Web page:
“The Trump administration has blocked a Centers for Disease Control study that is poised to recommend a safety level for PFAS exposure in drinking water that’s six times lower than the current benchmark guiding federal and state contamination response efforts in Michigan, according to emails reported by Politico.

According to one email, the Agency for Toxic Substances and Disease Registry (ATSDR) has yet to release new draft toxicological profiles for several per- and polyfluoroalkyl substances, or PFAS, after White House aides deemed the new levels a ‘public relations nightmare’ in January.

The Environmental Protection Agency’s current health advisory level for PFOS and PFOA — two PFAS compounds that ATSDR is studying — is 70 parts-per-trillion (ppt). It was set in 2016.

The ATSDR, the toxicological arm of the CDC, thinks the ‘minimal risk level’ should be dropped to less than 12-ppt for some PFAS chemicals, based on its finding that exposure above that level ‘could be dangerous for sensitive populations like infants and breastfeeding mothers.’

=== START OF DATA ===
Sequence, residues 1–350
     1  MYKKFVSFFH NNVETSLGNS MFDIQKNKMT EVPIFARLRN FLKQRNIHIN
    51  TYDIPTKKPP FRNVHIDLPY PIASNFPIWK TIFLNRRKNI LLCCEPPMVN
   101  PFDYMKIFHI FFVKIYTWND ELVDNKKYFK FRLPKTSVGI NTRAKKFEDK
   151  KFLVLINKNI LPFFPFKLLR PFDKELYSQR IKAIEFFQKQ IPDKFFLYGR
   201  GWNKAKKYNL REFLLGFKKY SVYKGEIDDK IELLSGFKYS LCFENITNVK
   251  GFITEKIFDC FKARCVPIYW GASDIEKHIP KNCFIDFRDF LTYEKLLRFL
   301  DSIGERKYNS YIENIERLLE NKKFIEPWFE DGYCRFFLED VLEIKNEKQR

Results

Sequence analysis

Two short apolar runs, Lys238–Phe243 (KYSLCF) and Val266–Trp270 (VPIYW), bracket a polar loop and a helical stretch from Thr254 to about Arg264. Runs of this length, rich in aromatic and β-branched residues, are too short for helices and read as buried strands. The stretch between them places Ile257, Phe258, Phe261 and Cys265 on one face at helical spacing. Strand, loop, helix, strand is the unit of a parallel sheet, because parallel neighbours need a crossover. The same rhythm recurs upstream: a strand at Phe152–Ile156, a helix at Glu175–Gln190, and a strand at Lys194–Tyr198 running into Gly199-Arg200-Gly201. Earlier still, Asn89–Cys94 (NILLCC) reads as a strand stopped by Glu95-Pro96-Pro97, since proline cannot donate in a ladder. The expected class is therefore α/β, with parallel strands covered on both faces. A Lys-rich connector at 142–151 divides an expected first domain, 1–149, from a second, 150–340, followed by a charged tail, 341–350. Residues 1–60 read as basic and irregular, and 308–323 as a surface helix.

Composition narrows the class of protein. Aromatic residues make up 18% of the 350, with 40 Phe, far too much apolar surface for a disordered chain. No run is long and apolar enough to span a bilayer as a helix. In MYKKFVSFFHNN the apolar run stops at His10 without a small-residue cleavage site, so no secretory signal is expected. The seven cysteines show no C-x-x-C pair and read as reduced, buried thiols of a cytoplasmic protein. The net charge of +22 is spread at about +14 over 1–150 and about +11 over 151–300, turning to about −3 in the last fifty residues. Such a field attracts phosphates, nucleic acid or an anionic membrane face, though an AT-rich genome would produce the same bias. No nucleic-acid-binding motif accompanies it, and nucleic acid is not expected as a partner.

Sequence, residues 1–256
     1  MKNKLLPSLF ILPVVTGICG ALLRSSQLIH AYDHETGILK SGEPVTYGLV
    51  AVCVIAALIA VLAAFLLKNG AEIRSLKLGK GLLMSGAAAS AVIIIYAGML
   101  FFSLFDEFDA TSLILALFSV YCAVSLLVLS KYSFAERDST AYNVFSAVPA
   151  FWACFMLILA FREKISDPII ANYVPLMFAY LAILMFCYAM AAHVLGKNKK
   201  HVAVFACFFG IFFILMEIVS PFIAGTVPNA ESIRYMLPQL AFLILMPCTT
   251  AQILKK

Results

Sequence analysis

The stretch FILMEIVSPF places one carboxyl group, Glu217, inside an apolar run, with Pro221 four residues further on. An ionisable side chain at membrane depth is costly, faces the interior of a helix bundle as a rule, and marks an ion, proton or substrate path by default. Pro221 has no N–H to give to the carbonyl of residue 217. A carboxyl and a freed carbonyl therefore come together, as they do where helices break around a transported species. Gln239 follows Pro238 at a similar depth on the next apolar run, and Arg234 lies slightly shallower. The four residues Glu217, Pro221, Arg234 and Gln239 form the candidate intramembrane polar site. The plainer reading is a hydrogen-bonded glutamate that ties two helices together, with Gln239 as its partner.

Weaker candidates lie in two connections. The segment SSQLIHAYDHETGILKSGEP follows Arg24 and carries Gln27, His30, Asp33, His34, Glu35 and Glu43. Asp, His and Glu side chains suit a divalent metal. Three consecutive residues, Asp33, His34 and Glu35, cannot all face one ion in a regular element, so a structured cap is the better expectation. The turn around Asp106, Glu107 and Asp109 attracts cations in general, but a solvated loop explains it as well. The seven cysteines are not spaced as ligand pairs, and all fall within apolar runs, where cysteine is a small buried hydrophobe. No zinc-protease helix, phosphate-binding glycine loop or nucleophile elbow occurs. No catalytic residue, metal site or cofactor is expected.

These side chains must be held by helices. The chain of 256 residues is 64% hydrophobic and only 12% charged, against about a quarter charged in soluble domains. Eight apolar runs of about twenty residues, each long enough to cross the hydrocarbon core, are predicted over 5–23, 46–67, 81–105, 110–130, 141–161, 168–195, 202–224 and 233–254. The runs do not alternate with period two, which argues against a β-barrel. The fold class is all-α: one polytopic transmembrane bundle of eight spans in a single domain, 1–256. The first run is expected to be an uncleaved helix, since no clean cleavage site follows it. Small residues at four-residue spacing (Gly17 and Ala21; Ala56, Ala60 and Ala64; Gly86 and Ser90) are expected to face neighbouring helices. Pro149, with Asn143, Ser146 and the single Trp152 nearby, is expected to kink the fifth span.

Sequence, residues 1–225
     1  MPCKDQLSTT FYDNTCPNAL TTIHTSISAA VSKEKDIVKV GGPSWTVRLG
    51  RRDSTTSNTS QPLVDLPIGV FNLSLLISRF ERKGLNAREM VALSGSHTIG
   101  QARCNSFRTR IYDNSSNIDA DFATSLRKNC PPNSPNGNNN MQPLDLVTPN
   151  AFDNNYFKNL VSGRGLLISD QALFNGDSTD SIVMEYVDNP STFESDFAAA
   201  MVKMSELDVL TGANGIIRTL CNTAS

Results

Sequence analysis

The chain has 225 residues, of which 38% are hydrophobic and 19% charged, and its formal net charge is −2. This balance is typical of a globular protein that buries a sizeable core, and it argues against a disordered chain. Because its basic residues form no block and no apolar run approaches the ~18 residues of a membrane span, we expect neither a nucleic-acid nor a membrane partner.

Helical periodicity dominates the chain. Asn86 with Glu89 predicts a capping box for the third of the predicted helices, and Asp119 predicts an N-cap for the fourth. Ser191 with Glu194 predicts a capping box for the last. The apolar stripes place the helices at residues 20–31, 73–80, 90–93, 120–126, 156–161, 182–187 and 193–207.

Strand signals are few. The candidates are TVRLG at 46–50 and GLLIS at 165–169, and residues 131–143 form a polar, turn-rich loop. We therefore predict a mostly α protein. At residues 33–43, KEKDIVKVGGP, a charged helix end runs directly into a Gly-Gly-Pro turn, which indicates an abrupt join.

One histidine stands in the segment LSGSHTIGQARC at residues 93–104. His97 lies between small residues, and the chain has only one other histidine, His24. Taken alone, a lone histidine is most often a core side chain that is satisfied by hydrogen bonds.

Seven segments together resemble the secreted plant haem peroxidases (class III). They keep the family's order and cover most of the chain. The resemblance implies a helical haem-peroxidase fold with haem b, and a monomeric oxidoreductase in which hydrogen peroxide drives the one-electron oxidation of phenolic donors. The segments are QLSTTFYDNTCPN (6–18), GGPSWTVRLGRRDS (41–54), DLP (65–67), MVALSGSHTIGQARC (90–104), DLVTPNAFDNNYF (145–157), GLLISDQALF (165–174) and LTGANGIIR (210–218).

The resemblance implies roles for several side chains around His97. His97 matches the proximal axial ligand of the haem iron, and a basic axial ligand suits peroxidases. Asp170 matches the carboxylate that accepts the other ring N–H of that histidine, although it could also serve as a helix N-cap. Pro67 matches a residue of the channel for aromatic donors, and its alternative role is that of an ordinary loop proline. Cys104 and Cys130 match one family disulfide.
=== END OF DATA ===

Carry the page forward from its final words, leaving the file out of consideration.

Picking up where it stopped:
The ATSDR defines minimal risk levels as estimates of ‘the daily human exposure to a hazardous substance that is likely to be without appreciable risk of adverse non-cancer health effects over a specified duration of exposure.’

According to the emails, the agency’s report include toxicological profiles of PFNA and PFHxS in addition to PFOS and PFOA. The ATSDR says that PFHxS — a chemical closely associated with PFAS-laden firefighting foam — has the longest half-life in the human body of any PFAS compound…

According to the Environmental Working Group, the proposed ATSDR levels are is based on weakened immune systems among exposed populations. The levels are not legally binding standards, but rather screening levels intended to help toxicologists understand the risk at hazardous waste sites.

But even non-enforceable levels can have major real world impact.

The U.S. Defense Department will not supply long-term safe water to homes near current and former military bases contaminated by PFAS unless the well tests above 70-ppt

The state of Michigan has convened a PFAS science panel to explore whether the state should adopt a PFAS drinking water standard below 70-ppt.”

Read the full article by Garret Ellison